Swaziland Bans Unions

Swaziland has ordered all worker and employer federations to stop operations immediately, a demand issued yesterday in a resolution by the government cabinet. The order effectively disbands the Trade Union Confederation of Swaziland (TUCOSWA), a Solidarity Center ally.

Minister of Labor and Social Security Winnie Magagula, quoted in the Times of Swaziland, said that in the wake of the resolution, “all federations are non- existent in terms of the Industrial Relations Act and should stop operating immediately until the amendment of the Industrial Relations Act has been passed by Parliament.”

The move runs counter to international labor standards, including the right of freedom of association.

“This is a blatant and outrageous attack on the ability of working people to form associations of their choice and stand up for their rights,” said Solidarity Center Executive Director Shawna Bader-Blau. “By denying workers a voice at work, the Swazi government is preventing workers from achieving safe and healthy workplaces and wages that will support themselves and their families.”

A recent TUCOSWA survey of more than 400 textile workers in Manzini, Swaziland, found that workers in the textile sector are subject to harsh and sometimes abusive conditions, many of the country’s labor laws are routinely violated by employers, and union activists are targeted by employers for punishment.

In June, the U.S. government took the rare step of suspending African Growth and Opportunity Act (AGOA) trade benefits for Swaziland, citing the Swazi government’s systematic violations of fundamental worker rights, including lack of ability for unions to register.

Magagula was quoted as citing the International Labor Organization (ILO) as directing the move, a charge the ILO unequivocally denies.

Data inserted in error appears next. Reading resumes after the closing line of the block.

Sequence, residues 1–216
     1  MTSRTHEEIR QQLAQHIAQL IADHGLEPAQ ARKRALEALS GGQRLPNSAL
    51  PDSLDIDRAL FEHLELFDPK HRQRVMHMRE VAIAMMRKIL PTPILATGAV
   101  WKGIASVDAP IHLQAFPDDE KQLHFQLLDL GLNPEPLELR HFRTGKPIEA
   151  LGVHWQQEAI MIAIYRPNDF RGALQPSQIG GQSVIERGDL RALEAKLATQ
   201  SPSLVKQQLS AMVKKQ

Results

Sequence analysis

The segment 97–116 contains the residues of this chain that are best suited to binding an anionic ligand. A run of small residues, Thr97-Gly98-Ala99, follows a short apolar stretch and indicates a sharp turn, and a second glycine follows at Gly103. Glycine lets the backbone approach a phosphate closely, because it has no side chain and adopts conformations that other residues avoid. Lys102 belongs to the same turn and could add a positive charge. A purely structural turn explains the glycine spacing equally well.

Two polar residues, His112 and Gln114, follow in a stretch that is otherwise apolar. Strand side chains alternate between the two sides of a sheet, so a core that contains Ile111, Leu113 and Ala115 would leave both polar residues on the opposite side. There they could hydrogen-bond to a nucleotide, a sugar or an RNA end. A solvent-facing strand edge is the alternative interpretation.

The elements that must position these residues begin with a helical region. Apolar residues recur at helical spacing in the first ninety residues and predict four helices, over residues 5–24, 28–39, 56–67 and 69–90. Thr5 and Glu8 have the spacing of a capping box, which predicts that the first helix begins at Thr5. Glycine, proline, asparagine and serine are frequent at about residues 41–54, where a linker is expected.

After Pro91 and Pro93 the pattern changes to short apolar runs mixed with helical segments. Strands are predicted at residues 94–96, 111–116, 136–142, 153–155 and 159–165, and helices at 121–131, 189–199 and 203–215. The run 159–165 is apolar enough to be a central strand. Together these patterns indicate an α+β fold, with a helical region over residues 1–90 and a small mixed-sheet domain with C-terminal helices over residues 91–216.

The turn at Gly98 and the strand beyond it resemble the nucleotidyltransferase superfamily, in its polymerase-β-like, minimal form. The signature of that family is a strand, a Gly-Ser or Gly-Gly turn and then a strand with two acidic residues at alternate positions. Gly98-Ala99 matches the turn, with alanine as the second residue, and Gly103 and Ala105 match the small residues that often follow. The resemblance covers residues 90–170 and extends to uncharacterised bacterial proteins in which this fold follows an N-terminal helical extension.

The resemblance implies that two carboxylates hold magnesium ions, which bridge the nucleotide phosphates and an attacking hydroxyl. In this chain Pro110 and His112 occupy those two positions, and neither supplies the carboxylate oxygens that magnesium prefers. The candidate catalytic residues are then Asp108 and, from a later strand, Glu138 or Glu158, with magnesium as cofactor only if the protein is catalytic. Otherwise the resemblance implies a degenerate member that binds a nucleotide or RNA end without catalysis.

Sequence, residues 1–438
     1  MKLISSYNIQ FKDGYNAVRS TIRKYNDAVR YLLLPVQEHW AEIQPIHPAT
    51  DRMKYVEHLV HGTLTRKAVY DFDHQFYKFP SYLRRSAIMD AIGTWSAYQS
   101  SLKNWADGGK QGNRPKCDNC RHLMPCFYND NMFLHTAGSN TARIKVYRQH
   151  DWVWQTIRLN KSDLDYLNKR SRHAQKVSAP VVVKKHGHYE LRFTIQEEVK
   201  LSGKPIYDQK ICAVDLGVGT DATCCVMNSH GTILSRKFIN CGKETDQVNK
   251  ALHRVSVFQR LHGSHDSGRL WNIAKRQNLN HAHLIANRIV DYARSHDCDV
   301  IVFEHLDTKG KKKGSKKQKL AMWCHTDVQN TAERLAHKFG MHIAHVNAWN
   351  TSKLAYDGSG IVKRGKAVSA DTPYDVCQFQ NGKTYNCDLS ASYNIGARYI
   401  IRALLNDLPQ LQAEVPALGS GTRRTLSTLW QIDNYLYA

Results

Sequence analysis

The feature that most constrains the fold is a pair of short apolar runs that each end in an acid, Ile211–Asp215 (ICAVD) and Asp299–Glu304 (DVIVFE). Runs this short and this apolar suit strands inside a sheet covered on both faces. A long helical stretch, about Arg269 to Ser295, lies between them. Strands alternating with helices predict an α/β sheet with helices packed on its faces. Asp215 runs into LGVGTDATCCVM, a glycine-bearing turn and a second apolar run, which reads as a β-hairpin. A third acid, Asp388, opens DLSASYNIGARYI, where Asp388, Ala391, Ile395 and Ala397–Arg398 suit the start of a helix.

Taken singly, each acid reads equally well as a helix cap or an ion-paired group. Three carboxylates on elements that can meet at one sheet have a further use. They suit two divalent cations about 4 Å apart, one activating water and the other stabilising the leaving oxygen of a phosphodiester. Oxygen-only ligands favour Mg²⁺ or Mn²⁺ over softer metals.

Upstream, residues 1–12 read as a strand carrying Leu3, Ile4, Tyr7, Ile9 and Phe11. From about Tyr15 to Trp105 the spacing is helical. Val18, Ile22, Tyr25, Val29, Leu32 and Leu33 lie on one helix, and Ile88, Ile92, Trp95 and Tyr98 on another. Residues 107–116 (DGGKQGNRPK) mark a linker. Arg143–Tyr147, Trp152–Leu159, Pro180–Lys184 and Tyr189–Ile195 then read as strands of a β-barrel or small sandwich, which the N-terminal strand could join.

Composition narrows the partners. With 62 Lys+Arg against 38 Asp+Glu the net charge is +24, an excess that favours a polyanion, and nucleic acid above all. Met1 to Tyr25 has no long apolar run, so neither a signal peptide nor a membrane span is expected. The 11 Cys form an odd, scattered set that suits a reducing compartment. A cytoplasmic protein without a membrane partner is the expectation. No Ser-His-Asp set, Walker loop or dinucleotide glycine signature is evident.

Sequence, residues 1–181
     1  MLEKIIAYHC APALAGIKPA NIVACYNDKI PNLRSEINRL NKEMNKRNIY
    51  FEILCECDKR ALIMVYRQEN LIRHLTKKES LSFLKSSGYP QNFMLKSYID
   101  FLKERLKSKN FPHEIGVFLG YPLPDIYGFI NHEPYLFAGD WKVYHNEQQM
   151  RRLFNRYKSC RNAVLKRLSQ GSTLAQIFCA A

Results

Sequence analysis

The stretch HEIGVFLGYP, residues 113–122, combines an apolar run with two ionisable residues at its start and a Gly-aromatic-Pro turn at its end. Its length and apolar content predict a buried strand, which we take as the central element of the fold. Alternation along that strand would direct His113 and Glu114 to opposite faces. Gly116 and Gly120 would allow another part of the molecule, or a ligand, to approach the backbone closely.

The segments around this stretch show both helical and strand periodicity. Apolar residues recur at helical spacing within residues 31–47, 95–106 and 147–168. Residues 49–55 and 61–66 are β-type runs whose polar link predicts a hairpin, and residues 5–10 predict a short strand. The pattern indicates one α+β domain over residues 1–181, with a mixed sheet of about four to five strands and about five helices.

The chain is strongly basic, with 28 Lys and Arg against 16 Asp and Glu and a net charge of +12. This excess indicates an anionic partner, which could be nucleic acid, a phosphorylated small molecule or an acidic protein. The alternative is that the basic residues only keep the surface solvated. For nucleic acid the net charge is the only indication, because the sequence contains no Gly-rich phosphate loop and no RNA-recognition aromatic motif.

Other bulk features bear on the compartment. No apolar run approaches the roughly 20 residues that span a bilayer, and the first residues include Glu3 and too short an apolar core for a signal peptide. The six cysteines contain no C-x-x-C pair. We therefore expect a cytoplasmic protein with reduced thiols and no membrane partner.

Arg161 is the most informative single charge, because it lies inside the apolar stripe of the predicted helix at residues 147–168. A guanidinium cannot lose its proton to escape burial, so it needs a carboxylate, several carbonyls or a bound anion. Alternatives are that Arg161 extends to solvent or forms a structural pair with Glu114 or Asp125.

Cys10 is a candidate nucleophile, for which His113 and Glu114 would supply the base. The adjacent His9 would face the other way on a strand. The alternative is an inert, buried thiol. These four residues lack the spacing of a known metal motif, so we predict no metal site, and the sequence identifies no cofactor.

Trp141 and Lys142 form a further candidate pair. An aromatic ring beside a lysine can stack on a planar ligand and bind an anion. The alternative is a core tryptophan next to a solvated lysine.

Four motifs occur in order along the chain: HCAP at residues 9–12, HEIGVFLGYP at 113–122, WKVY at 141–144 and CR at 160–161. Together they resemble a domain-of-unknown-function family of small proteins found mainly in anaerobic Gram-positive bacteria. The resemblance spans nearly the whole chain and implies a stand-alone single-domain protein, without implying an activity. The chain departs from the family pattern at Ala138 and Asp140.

Condemning the action, AFL-CIO International Director Cathy Feingold wrote in a letter to Swazi Prime Minister Sibusiso Dlamini that it “is the latest in a series of actions designed to repress and restrict legitimate trade union activities in Swaziland.”

Sharan Burrow, International Trade Union Confederation (ITUC) general secretary, said, “We demand that the ruling be rescinded immediately.” The ITUC also sent a letter to the Swazi prime minister, condeming the move.

In August, some in the Swazi government falsely accused TUCOSWA General Secretary Vincent Ncongwane and human rights lawyer Sipho Gumedze of taking a stand against AGOA benefits for Swaziland when they were in Washington, D.C., as part of a delegation of 40 African trade union leaders.

The 2014 U.S. State Department human rights report cites serious human rights violations in Swaziland, including arbitrary or unlawful killings by the government or its agents; severely restricted freedom of assembly, including violence against protestors; jailing of trade union leaders; the deregistration of TUCOSWA and the banning of strikes.